In Chapter 3, “Whose Word Is It Anyway? Interpreting Revelation”, Shane Mackinlay focuses on a series of criticisms concerning the concept of counter-experience in Marion’s phenomenology of givenness, as it appears in “The Possible and Revelation” (2008). In the same way as Marion, John focuses on a Christological paradox: how can Jesus reveals the Father’s will? This problem involves one of the most important consequences of Christianity: the divine and human nature of Christ. Revelation could be interpreted as the place where this paradox occurs. Following Kearney’s objection, Mackinley points out that the concept of counter-experience is not a sufficient criterion to distinguish between divine revelation against the possibilities of deceit and harm (57). In other words, the counter-experience of the icon in Marion’s phenomenology does not offer a clear difference between God’s voice and some kind of monstrosity. In the same way as Marion, Mackenly finds in Hans-Georg Gadamer’s philosophy a source for rethinking the scopes of hermeneutics in relation to the possibility or impossibility of interpreting revelation (60). From Gadamer’s proposal he extracts two ideas. On the one hand, the infinity of any interpretive process. This means that no interpretation of the revelation can exhaust it. On the other hand, if all interpretation is infinite, then the community must always be open to dialogue, since the interpretation of the phenomenon imposes itself as something always reviewable. Each judgement concerning revelation is provisional.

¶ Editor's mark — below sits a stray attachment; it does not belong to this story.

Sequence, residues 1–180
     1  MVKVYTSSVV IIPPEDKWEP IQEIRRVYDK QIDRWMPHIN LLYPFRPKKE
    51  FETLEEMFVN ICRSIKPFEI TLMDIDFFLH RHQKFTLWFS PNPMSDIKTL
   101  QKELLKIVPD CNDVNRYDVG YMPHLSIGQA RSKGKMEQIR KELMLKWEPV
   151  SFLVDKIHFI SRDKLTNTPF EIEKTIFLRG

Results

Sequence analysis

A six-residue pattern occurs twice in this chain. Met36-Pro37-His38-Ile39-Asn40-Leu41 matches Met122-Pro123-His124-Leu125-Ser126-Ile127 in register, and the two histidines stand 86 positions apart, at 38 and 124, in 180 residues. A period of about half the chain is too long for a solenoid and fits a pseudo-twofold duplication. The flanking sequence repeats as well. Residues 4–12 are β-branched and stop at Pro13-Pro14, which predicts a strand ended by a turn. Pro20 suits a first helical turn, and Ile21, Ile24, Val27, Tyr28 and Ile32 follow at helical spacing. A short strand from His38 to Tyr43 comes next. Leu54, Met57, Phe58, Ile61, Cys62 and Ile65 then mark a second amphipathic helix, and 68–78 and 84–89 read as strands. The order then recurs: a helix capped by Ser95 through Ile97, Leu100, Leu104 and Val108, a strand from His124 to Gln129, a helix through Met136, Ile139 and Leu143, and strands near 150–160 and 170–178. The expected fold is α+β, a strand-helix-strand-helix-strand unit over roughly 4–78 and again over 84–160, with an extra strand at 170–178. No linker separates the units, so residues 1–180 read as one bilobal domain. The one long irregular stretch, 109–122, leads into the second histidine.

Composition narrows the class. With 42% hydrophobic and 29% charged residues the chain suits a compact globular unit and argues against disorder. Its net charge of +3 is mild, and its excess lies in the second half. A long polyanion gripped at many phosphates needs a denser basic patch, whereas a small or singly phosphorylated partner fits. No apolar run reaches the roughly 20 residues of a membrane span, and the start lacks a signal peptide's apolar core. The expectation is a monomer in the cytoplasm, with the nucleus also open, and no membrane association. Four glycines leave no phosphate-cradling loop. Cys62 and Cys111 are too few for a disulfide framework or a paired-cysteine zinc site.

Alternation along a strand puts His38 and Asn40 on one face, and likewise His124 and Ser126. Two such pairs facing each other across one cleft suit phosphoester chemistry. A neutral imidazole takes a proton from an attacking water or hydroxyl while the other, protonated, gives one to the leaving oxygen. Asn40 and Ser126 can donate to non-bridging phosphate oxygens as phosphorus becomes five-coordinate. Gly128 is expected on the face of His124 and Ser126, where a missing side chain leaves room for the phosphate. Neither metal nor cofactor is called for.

In Chapter 4, “Revelation as a Problem for Our Age”, Robin Horner offers some elements for thinking the language of revelation in the context of Western secularity. Expressed differently: Is it possible to find a language of revelation in a world where all language is merely a language of objects? This current impossibility of thinking the language of revelation has, according to Horner, multiple reasons. First, the problem of anachronism. The language of revelation becomes an irrelevant and even bizarre question. The modern secularisation offers the exaltation of individual autonomy, rationalist thinking. As Horney argues, this movement implies a detraditionalization of memory and any collective activity (75). In this process, religion and believing become something that has no place. Second, the reflections of various philosophical schools that, according to Horner, present disqualifying criticisms of religious belief. Consequently, “the philosopher, too, brings particular commitments to the search for wisdom, which might include a presumption of atheism” (77). Third, theology itself. And this because the theological language of revelation focuses too narrowly on the propositional, letting away the lived experience. Based on these objections, Horner indicates that the concept of experience must be reformulated so that religious belief is not set aside from contemporary problems. Horner uses the term experience “to refer to what happens at that point of opening in the world which is a given instance of life” (69). Given this, we ask ourselves, following Horner, whether the language of revelation may have any reference to the Husserlian Lebenswelt. Finally, Horner suggests, following Lacoste and Marion, that “that philosophy and theology are interested in common problems” (94). Lacoste’s “paradoxical phenomenon” tries to show the mutual cooperation between affection and intellect, theology and philosophy, faith and reason, when it comes to understanding revelation (96). Marion’s epistemological approach to revelation aims to point out that the logic of objects can be clarified out of faith and a radical commitment to an epistemology of revelation. In this sense, Horner concludes that Marion and Lacoste offer tools to find a language of revelation in the lived world of experience. In Horner’s words, “if it is the case that revelation no longer makes sense in contemporary life, perhaps it is because it has been locked for too long in the language of beliefs and made unavailable to experience” (100).